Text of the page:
The research priorities outlined in the WHO and Global Research Collaboration for Infectious Disease Preparedness joint research roadmap for the COVID-19 pandemic include: to rapidly identify secondary effects of the outbreak and deliver strategies to mitigate patient harm, and to rapidly involve communities in the design, delivery and dissemination of research.47 The proposed study addresses both priorities by providing person-centred guidance, based on individual experiences, with significant PPI input. Enabling patients, carers and social network members to become agents in medication safety aligns with the WHO agreed global priorities for medication safety research.48 Future work will explore the transferability of this guidance to a wider population of housebound and ambulatory people who are using medication long term, and outside of the context of a global pandemic. Given the forecasted increase in the global population of adults living well with age-related conditions over the coming decades,49 an important consideration is to enable people to remain in their homes and to be agents in their own medication management and safety.50 51
We are grateful for input from our patient and public involvement partners, including those who reviewed participant-facing materials: Alex Taylor; Marney Williams; Fran Husson; Jill Lloyd; John Norton; Mike Etkind; Dr Nikki Dunne, Research Officer, Family Carers Ireland; Corona Joyce, Senior Policy Officer, Age Action Ireland and Josephine Fogarty, Coordinator of Traveller Health, Midwest Community Healthcare, Health Service Executive, Ireland.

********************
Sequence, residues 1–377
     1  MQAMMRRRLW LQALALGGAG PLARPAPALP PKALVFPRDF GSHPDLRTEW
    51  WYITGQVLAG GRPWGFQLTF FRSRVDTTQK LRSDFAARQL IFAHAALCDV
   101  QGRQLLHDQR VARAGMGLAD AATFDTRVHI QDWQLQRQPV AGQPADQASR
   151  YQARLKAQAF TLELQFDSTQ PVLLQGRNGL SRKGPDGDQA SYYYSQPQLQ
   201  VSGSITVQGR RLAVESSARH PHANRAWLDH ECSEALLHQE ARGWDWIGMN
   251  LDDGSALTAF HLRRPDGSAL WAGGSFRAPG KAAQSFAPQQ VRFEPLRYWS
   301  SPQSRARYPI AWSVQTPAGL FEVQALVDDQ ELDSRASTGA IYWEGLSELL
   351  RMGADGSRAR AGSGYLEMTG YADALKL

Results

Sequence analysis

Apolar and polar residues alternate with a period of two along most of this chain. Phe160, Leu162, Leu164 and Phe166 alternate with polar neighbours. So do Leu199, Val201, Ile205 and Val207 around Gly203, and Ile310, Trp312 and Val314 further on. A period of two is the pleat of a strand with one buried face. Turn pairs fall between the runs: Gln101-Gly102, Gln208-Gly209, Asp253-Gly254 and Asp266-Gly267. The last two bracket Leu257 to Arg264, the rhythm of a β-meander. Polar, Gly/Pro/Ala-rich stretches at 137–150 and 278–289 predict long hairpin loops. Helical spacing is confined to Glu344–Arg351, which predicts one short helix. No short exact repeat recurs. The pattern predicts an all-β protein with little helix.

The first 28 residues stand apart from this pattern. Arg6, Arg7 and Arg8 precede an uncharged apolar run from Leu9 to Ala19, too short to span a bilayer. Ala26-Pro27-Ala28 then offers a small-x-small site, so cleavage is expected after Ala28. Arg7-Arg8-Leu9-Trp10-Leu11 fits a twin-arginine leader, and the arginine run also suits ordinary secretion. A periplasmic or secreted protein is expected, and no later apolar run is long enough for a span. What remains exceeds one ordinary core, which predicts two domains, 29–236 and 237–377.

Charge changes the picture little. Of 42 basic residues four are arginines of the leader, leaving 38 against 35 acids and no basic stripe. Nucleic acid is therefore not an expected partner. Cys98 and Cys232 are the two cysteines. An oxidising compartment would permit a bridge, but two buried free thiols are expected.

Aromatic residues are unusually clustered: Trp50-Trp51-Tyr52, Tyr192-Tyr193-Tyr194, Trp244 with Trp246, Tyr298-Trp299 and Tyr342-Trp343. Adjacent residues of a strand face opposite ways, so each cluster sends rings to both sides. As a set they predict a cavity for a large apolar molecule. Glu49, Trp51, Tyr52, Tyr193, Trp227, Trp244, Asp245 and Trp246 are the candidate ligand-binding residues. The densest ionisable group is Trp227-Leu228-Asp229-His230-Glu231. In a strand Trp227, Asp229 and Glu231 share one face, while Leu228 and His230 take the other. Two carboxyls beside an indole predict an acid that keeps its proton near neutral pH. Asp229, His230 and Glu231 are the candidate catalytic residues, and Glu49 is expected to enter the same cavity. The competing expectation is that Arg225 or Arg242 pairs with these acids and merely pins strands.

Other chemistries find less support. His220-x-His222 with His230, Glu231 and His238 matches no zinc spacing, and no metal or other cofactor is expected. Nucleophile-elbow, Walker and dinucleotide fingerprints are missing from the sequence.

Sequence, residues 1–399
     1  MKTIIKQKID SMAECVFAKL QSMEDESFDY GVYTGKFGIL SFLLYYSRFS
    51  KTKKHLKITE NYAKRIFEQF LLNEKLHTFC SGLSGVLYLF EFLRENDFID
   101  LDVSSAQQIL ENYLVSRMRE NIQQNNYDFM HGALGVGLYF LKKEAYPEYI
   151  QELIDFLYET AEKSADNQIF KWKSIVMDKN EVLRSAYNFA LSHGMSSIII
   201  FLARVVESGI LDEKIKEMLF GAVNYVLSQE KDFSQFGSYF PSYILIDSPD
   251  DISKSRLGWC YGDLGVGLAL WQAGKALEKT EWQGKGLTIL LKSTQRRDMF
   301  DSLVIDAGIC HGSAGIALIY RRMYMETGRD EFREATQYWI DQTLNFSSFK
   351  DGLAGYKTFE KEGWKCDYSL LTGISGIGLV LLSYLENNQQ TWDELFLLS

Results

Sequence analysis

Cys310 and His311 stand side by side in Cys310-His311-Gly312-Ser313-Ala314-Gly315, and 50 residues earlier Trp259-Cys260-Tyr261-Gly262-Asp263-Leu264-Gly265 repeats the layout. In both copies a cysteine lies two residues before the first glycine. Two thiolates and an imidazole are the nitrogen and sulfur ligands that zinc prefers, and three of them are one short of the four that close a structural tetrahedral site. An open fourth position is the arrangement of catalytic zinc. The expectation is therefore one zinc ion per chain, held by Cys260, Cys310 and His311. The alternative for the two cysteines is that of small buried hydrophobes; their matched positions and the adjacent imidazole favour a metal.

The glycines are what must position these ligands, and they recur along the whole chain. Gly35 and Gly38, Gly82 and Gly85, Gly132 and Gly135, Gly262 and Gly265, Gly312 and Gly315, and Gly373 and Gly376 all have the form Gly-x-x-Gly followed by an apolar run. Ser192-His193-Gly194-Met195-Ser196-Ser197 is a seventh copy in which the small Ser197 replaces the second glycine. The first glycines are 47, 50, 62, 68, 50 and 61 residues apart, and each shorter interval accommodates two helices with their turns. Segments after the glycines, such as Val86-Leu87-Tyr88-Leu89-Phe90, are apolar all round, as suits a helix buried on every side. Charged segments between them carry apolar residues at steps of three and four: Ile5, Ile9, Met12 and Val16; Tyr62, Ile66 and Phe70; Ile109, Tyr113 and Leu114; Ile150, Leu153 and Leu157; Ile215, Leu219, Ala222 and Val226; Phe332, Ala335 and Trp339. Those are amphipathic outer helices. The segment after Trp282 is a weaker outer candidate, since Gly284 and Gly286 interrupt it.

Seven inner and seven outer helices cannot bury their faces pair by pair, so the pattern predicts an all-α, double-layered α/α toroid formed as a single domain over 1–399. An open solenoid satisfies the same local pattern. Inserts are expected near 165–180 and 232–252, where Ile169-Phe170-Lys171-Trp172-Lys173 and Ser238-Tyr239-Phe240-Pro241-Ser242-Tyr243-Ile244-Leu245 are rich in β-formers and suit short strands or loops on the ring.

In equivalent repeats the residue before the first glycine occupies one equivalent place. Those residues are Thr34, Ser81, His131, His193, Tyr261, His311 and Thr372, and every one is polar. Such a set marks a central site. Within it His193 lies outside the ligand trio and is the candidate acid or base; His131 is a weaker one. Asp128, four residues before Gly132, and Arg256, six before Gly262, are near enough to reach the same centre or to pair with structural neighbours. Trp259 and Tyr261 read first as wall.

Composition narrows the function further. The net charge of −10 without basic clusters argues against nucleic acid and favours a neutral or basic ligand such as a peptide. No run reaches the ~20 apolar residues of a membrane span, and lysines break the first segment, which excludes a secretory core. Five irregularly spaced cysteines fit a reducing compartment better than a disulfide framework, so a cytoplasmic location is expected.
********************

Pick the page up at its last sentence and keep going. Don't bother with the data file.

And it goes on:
Contributors TCG, DK, BDF and SG led the study design. TCG led the manuscript drafting. All authors contributed to manuscript revision and approval.
Funding This work was supported by the Health Research Institute, University of Limerick, and the National Institute for Health Research Imperial Patient Safety Translational Research Centre (grant number SF003). This report presents independent research.
Disclaimer The views expressed in this publication are those of the authors, not necessarily those of the Health Research Institute, University of Limerick, the NHS, the National Institute for Health Research or the Department of Health and Social Care.
Competing interests None declared.
Patient and public involvement Patients and/or the public were involved in the design, or conduct, or reporting, or dissemination plans of this research. Refer to the Methods and analysis section for further details.
Patient consent for publication Not required.
Provenance and peer review Not commissioned; externally peer reviewed.